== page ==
Let me start this post by saying I am going to be posting a lot of photos, and not only because this wedding was a 3 day affair, or because we love the brightness and colorfulness of Indian weddings but also because the couple is absolutely gorgeous!! They look like they walked straight of a set of a Hollywood movie, with Deelan being tall and handsome and Rashmika petite and beautiful!
Rashmika and Deelan’s wedding started on a Friday with a cleansing ceremony at Rashmika’s parents home. For our non-hindu couples I am going to be posting a short description of each ceremony as found on the Indian brides website (www.indianbrides.co.za) because Hindu wedding ceremonies is so beautiful and rich with symbolism and culture.
This is a cleansing/purification ritual that is celebrated a day before the wedding day. A haldi (turmeric) paste is applied on the brides skin by female friends and relatives. Traditionally, a Hindi bride has to wear yellow colored clothes (Sari) for the haldi ceremony. Haldi (turmeric) has healing properties as well as it nourishes the skin and leaves the bride radiant on her wedding day.
The ceremony commences with a series of rituals which is performed by the bride and her parents and close relatives.
The following items are used when performing the rituals: Fresh flowers signifies beauty; Coconut signifies fertility; Rice, jaggery and other grains signifies the food necessary for sustenance of human life; Ghee (purified butter) to feed the sacred fire; Sindhoor (vermilion) red powder used for marking the forehead of the bride to signify marriage (suhaagin).
Agni Puja (evocation of the holy fire): The priest sets up a small fire in a hawan kund (cooper bowl). Agni (fire) symbolises the illumination of mind, knowledge and happiness. The rest of the ceremony is conducted around the fire.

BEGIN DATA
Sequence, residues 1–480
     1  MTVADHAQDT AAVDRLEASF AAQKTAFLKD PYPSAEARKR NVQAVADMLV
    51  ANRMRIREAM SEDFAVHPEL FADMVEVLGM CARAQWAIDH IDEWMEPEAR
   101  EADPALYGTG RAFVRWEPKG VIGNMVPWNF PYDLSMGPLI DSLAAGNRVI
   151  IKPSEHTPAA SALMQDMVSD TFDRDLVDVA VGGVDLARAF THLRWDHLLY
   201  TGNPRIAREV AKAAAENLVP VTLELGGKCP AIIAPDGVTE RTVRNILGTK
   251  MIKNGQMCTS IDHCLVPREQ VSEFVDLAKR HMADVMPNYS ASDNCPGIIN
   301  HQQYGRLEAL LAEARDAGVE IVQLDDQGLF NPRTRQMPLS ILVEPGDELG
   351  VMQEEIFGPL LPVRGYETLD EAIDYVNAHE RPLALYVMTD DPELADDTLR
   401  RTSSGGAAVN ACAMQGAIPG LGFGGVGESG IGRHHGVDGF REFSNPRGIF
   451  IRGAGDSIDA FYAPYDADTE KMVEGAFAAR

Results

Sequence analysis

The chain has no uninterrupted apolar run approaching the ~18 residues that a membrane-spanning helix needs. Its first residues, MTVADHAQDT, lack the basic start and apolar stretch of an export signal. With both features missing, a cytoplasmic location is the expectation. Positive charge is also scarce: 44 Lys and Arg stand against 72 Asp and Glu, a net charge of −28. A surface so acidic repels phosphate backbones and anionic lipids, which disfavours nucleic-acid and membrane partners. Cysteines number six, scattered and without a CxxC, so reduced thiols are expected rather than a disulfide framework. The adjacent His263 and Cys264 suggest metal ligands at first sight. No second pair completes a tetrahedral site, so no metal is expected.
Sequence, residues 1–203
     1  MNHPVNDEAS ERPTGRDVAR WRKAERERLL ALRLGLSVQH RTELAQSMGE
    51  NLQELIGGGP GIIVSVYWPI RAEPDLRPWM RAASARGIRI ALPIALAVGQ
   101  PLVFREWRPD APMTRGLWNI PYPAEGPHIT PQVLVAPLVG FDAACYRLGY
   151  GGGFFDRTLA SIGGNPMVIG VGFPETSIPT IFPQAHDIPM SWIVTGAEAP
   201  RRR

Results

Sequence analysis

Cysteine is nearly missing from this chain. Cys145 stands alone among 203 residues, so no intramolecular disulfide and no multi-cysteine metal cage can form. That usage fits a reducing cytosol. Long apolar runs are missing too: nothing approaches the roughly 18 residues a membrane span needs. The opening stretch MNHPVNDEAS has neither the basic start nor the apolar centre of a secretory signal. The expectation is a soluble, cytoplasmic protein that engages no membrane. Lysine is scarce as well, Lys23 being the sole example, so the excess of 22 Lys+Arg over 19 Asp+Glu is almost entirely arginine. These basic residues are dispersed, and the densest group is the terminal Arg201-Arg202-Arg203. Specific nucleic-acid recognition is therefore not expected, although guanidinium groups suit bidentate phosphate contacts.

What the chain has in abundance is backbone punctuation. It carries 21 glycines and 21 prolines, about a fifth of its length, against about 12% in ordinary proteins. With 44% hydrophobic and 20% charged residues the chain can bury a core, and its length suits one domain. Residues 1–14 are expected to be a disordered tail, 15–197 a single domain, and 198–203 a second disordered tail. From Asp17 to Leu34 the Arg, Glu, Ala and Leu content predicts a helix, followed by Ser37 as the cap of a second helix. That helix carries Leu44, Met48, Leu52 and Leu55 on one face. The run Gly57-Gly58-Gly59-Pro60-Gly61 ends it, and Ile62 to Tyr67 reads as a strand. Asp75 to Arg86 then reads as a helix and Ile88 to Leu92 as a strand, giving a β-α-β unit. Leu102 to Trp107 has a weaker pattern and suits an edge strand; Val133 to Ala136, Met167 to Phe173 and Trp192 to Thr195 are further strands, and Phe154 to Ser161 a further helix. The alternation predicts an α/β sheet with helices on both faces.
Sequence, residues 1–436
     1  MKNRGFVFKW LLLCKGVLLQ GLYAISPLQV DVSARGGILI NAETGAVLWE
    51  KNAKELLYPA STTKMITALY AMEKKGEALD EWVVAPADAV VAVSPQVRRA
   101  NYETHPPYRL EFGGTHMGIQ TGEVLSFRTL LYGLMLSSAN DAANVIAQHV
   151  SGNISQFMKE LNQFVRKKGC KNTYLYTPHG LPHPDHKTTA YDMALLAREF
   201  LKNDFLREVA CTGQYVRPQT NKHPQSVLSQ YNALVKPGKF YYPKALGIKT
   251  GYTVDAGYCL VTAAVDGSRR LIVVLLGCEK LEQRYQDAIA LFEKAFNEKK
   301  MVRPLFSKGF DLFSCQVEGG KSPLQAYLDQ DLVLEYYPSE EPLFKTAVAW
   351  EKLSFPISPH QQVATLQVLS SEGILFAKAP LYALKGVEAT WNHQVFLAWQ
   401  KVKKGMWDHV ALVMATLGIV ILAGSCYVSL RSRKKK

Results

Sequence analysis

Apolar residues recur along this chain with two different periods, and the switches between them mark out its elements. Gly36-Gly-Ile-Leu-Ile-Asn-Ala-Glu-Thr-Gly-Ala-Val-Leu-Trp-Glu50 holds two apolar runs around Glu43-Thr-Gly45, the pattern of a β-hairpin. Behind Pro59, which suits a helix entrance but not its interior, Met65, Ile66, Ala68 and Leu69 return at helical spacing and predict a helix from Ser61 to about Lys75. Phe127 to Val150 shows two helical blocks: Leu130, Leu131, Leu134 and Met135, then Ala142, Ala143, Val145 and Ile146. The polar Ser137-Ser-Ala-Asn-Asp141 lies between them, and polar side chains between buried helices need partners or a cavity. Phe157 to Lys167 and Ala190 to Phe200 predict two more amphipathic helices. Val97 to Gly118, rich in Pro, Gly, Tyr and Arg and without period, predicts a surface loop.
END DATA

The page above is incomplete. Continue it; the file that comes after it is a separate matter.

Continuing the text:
Shilarohana (stepping on the stone): The bride places her right foot on a grindstone symbolizing that she will be a strong support system for her husband when faced with adversities. She will stand by his side in difficulty.
Laja homa (putting parched rice into the sacred fire): Three offerings of parched rice is made to the sacred fire. The brother of the bride fills the bride’s hands with the rice, half of which slips into the bridegroom’s hand. While sacred mantras are chanted the bride prays to Yama, the God of Death, that he grant long life, health, happiness and prosperity to the bridegroom.
Mangalfera (walking around the fire): The couple walk around the sacred fire four times.
Each time they stop to touch with their toe a stone in their path. This symbolises obstacles in life that they will overcome together. The priest calls the immediate family of the bride and groom to the mandap to blesses the bride and groom by showering them with flower petals and rice. Thereafter the wedding guests give their individuals blessings to the bride and groom and once completed, the marriage ceremony ends. Guests then share a meal with the newlyweds.
I wish I could post more photos, but then this post will become just too long. It truly was a blessing being a small part of the beautiful wedding ceremony and witnessing the love and commitment within this close-knit community. We wish Rashmika and Deelan all the best for the future, we know you will be blessed.
I would also like to take this opportunity to thank Kathleen for second shooting with us on the day of the wedding ceremony as Marius was doing their wedding video. For your second wedding you did extremely well!